Cinemark is the only other giant player and they seem to be following Regal’s plans regarding not showing movies that don’t respect the standard 90 day theatrical window.

Streaming to VOD dates haven’t been pushed around that much (at all?), so I think it’s fairly safe to assume Mulan will be released on September 4, as Disney announced. What sort of theaters are open and screen it? Whole other enchilada.

Will Disney+ subscribers pony up another $30 to see Mulan? If you’re a subscriber, will you? Unless our grandchildren really want to see this movie badly, like they wanted to see Trolls World Tour, I don’t think we’ll be breaking out the plastic for this one.

I think what has me pausing is just how darn fast Scoob went from VOD to available on HBO Max. I mean it seemed like only a few weeks later. Don’t know the specific amount of time, but it might have been less than the 17 days!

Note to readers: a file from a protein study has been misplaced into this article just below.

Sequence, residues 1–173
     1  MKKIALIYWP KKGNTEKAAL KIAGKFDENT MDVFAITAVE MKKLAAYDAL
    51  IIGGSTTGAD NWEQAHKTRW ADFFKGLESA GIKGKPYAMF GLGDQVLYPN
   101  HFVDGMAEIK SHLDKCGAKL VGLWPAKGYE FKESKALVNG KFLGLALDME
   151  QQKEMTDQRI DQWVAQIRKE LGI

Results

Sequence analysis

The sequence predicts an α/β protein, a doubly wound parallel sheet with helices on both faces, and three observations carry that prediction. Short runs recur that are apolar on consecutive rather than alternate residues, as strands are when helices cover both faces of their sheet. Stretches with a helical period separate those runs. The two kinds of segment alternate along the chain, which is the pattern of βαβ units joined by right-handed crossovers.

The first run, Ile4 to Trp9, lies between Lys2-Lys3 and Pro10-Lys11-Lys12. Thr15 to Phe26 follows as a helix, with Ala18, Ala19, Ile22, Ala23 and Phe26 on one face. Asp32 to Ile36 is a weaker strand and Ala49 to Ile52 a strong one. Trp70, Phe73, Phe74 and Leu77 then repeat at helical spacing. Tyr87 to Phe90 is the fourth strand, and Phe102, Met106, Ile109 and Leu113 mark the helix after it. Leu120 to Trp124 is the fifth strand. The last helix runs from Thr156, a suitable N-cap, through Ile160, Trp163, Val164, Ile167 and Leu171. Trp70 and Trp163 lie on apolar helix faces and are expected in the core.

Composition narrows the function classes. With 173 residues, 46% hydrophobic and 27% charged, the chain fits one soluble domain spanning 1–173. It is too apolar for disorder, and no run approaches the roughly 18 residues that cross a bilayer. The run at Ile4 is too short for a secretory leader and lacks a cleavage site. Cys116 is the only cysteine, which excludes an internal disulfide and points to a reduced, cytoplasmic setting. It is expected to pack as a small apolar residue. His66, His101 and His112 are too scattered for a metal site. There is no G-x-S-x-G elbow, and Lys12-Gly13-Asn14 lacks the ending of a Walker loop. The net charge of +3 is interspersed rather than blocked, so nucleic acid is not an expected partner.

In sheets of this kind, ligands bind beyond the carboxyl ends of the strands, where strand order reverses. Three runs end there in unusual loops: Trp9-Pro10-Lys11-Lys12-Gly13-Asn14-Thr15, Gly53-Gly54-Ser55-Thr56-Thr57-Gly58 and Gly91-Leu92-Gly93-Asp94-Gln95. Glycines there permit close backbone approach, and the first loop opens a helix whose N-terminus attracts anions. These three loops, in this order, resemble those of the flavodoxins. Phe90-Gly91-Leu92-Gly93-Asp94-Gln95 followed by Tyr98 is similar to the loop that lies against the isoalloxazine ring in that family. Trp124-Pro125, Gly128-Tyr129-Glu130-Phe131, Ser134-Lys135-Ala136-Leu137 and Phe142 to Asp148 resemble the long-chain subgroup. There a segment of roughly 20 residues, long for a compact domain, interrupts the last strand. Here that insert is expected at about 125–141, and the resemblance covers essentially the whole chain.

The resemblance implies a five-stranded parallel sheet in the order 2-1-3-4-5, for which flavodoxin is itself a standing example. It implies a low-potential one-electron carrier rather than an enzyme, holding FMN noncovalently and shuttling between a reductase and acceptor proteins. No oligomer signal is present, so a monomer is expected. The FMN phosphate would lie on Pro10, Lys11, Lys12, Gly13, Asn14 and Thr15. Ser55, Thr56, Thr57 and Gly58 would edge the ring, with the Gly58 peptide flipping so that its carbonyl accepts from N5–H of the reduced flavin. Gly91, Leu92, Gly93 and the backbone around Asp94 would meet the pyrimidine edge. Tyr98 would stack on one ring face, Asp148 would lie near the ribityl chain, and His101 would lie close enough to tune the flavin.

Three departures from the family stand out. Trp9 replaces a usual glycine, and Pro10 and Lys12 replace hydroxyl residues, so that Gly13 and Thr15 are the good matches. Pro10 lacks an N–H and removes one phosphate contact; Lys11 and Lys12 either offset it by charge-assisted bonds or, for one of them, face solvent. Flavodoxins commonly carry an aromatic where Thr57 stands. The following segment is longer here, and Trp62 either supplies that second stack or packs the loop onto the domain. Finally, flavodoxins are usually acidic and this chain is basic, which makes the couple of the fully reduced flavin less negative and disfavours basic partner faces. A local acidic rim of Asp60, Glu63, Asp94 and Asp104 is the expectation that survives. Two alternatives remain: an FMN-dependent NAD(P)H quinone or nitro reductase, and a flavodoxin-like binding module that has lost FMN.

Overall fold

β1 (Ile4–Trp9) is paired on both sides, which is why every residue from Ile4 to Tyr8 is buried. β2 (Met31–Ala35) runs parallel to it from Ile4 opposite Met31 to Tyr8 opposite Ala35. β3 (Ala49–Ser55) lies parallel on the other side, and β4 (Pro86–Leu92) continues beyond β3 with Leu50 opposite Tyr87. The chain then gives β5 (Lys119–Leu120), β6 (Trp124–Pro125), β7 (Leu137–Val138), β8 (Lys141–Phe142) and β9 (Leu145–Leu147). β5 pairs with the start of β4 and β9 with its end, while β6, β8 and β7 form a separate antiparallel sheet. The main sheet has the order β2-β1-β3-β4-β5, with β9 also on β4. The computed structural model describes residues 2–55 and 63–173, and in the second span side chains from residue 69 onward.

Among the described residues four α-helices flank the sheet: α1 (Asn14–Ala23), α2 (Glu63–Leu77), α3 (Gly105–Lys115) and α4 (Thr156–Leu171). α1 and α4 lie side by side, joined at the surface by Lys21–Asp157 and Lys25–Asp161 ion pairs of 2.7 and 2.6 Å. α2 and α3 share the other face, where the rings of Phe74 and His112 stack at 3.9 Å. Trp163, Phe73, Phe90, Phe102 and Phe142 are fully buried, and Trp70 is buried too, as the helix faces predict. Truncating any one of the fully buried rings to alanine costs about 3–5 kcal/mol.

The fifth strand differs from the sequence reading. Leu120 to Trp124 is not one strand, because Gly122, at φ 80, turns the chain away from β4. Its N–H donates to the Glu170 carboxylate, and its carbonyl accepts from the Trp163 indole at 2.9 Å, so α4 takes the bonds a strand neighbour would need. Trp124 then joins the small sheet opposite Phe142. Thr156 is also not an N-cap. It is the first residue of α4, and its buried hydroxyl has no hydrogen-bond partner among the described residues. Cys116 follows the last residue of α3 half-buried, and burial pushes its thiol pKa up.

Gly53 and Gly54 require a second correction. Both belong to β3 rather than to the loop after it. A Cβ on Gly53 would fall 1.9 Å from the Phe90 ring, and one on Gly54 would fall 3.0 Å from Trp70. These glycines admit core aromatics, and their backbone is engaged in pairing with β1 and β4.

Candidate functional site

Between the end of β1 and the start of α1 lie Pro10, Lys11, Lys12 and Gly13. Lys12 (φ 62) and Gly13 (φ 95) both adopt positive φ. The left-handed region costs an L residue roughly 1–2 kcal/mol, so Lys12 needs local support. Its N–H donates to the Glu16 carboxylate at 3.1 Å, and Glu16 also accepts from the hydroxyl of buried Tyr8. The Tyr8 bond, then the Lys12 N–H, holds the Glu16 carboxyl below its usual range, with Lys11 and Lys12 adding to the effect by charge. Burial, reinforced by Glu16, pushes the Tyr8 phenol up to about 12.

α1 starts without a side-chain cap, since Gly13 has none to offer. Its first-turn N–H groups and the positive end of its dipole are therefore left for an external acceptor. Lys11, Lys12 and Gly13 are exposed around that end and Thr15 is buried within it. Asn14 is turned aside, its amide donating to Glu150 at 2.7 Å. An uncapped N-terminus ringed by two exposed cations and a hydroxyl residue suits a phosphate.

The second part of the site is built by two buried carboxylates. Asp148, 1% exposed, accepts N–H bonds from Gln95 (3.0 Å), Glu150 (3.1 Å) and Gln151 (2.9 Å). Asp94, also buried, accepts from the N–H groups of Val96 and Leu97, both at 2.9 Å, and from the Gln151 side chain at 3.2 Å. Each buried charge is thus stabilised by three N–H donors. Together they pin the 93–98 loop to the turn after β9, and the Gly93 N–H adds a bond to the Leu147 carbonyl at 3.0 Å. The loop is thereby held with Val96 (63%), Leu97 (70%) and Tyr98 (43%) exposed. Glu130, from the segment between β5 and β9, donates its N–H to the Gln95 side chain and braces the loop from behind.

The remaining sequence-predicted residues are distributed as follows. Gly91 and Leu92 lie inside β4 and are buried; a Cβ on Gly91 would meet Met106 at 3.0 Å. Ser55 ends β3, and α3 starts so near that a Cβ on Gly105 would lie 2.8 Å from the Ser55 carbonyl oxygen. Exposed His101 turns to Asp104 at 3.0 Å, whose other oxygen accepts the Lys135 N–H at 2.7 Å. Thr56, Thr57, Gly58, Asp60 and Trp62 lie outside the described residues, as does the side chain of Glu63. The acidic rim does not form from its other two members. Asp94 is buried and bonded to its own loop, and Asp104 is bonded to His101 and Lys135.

Why pay $30 for Mulan, if a few weeks later it appears on Disney+ for $0 extra? I think this is a problem if there is no reasonable VOD streaming window. The other part of this decision is will we be able to buy it for $30, or is that strictly rental only? Buying and owning the movie for $30 doesn’t sting as much as renting it, only to see an appearance for $0 extra shortly later.

We’re just speculating on when Mulan will move away from $30 price at Disney+, but it’s an intriguing move considering the movie’s large budget. Does Disney need to do this out of financial necessity or is it trying to throw customers a 30 dollar bone?

Your comments, as always are welcome. Will you be paying an extra $30 for Mulan on Disney+ or waiting out the inevitable release without the extra VOD fee?